April 01, 2021

#08-066: The Highwayman: A Ghost Story

dashing man wearing period clothing, with one arm around a woman as the black horse they're on leaps seemingly into water
Legendary film star Tom Mix as legendary highwayman Dick Turpin

Note: Every culture has ghost stories, and many of them cluster around the theme of love. In 1906, the English poet Alfred Noyes published "The Highwayman," an excellent example of the genre.

Get Ready: Do you believe in ghosts? Why or why not?

"The Highwayman" sets its scene on a dark, windy night, when "The moon was a ghostly galleon tossed upon cloudy seas," and "The road was a ribbon of moonlight..." Into this scene "The highwayman came riding, up to the old inn-door." He is described as a typical gallant rogue, with a cocked-hat, lace at his chin, a red velvet coat, brown doe-skin breeches, and thigh-high boots. He carried twin pistols and a rapier.

Rapping on the shutters, he discovered the inn locked up for the night, so he gave a whistle to alert the landlord's beautiful daughter, Bess, of his arrival. Unbeknownst to them both, however, "Tim the ostler listened" by the stable, and Tim was jealous, for he, too, loved Bess. "His eyes were hollows of madness" as he heard the highwayman speak, for he, too, loved Bess.

"One kiss, my bonny sweetheart," the highwayman asked, then promised, "I'm after a prize to-night, But I shall be back with the yellow gold before the morning light." If, however, the authorities caught on to him and gave chase, then, he said, "I'll come to thee by moonlight, though hell should bar the way." Even though he stood up in the horse's stirrup, he was unable to reach her hand, so he kissed her cascading hair and "galloped away to the West."

"Part Two" of the poem tells us he did not return at dawn, or noon, or even after sundown. Instead a troop of red-coated soldiers came to the inn. They bound and gagged Bess and placed her in front of a candle in the window of her room. Not only did they hide in the room with muskets trained on her, but they also placed one standing in front of her, "with the barrel beneath her breast!"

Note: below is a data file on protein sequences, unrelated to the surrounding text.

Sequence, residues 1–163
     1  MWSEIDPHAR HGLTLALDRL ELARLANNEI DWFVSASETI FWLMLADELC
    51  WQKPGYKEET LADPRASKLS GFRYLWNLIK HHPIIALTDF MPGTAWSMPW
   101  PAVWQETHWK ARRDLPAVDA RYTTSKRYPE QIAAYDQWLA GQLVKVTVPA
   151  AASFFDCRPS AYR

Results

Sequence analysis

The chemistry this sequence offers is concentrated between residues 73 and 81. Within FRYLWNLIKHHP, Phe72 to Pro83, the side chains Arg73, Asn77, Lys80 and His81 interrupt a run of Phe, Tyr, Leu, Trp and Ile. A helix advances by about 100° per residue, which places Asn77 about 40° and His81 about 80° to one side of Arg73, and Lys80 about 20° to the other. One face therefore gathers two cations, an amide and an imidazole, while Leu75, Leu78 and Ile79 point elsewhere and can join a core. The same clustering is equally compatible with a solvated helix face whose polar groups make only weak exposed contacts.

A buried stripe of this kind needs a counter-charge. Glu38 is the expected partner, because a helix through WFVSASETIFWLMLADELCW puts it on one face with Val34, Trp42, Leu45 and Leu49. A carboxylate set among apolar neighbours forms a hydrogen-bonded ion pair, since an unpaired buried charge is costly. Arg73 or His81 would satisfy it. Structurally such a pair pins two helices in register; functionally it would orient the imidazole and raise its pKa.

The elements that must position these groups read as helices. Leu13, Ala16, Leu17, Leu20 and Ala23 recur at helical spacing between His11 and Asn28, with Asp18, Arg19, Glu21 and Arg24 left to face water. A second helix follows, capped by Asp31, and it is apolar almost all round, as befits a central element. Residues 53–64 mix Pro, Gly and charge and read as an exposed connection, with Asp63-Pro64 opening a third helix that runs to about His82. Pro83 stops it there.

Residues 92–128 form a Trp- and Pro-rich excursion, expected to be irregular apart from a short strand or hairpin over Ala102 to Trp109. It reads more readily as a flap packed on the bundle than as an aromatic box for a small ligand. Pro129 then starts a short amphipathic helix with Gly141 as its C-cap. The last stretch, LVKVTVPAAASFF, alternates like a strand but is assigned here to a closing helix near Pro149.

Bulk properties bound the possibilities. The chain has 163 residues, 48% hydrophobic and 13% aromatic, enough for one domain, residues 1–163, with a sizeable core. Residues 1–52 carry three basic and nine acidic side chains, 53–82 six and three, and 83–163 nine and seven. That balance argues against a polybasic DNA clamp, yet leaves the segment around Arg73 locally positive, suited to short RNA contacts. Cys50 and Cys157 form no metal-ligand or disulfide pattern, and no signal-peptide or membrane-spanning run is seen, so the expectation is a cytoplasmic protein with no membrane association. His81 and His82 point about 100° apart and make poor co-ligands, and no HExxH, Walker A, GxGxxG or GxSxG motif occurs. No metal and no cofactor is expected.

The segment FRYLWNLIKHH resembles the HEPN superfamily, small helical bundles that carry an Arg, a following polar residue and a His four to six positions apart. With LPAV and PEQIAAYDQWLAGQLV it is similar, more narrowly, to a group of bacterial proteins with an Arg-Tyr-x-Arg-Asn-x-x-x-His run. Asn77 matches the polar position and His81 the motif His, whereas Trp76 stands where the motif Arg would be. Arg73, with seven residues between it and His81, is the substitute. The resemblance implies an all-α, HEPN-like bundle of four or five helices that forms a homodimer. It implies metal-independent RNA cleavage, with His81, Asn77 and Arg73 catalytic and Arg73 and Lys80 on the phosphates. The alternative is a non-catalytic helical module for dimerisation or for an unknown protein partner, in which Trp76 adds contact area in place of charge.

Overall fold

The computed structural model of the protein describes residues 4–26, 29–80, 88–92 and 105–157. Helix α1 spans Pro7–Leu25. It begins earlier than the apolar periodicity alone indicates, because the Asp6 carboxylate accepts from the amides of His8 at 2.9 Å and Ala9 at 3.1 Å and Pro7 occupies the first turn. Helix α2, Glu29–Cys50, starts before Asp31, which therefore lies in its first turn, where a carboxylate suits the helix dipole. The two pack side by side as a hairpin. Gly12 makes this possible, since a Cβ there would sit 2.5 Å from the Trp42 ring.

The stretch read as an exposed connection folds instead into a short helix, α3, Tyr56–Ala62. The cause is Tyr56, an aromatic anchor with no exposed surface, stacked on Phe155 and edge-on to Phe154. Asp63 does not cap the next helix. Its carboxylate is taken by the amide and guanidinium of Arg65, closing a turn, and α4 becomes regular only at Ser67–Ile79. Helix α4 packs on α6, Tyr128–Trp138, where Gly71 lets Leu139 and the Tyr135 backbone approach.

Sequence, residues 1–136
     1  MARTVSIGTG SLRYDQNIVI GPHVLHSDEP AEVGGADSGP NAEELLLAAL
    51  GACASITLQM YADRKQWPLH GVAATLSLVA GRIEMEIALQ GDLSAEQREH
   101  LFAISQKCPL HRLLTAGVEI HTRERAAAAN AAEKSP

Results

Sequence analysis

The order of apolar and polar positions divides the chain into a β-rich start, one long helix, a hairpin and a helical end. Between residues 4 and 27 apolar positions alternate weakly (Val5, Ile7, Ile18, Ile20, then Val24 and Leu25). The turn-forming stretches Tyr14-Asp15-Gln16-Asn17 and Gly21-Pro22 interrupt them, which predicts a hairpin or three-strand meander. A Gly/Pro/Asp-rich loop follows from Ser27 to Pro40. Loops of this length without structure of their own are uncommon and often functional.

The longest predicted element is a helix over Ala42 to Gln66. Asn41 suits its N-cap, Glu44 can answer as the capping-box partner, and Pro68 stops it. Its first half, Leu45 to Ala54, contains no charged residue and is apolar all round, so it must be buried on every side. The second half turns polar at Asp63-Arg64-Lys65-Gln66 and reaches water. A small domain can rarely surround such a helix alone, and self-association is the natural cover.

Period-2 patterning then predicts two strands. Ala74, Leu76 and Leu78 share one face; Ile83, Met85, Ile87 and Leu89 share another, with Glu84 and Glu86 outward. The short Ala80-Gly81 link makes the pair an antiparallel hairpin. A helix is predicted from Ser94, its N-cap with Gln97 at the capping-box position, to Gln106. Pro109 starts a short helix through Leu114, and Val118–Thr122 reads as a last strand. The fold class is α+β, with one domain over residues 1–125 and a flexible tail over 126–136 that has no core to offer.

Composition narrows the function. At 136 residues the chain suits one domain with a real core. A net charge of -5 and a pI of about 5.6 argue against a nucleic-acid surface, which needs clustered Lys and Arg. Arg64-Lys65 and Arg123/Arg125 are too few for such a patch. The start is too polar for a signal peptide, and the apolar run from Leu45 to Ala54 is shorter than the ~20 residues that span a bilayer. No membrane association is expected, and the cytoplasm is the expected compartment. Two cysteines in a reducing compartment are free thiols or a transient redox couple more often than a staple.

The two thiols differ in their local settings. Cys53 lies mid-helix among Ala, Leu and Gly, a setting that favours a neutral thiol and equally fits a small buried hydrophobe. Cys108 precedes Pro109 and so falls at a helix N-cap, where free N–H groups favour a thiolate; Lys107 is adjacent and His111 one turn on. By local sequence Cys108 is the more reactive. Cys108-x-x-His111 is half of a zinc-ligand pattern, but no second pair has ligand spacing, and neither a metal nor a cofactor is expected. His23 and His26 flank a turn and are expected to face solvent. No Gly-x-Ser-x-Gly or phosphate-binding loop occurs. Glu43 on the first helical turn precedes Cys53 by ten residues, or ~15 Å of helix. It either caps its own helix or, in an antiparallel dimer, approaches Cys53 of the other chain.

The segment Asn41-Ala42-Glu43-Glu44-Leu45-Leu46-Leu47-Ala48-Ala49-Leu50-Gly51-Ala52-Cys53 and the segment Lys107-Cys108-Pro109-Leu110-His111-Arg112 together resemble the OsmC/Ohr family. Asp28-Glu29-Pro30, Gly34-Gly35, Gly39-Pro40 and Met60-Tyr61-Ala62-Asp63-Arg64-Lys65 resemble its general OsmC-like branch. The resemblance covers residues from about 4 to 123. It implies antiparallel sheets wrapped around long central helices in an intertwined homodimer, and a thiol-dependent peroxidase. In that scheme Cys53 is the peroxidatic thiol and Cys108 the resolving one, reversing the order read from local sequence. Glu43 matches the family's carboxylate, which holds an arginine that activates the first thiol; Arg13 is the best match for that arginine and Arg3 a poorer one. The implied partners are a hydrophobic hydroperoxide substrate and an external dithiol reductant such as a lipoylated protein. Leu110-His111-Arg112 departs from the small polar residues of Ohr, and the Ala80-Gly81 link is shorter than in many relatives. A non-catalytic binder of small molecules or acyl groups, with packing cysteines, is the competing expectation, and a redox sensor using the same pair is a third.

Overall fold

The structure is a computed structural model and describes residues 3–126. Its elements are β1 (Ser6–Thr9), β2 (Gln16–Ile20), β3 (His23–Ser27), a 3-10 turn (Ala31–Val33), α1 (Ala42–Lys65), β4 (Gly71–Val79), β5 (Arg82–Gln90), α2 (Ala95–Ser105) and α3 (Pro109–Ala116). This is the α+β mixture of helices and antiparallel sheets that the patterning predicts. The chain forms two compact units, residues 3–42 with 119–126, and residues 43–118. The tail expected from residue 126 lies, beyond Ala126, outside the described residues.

Straining at her bonds in the darkness, at last she got one finger onto the musket's trigger. As she stood as bait for her love's arrest, she heard the horse's hoofs approaching, and "Then her finger moved in the moonlight, Her musket shattered the moonlight," and she "warned him--with her death."

He fled, not knowing it was she who had fired the gun, sacrificing her life. When next day he heard what had happened, he returned, "shrieking a curse to the sky, With the white road smoking behind him and his rapier brandished high!" Naturally, "they shot him down... like a dog on the highway," where he lay in his own blood.

They say, though, on windy winter nights when the moon appears like a galleon, "a highwayman comes riding, up to the old inn-door." Then, discovering it locked up, "He whistles a tune to the window, and who should be waiting there, But... Bess, the landlord's daughter, Plaiting a dark red love-knot into her long black hair."


Read more: https://en.wikipedia.org/wiki/The_Highwayman_(poem)

Practice: Match the term to its definition below:

  1. bonny
  2. breeches
  3. galleon
  4. highwayman
  5. musket
  6. ostler
  7. plaiting
  8. rapier
  9. rogue
  10. shrieking

  1. pants
  2. beautiful
  3. uttering a loud, sharp cry; screaming
  4. braiding
  5. a mischievous person; a rascal
  6. a hold-up man
  7. old-fashioned sailing ship
  8. one who takes care of horses
  9. an old-fashioned rifle
  10. a type of sword

Answers are in the first comment below.

Submitted to the Shenzhen Daily for April 1, 2021

1 comment:

  1. Answers to the Practice: 1. b; 2. a; 3. g; 4. f; 5. i; 6. h; 7. d; 8. j; 9. e; 10. c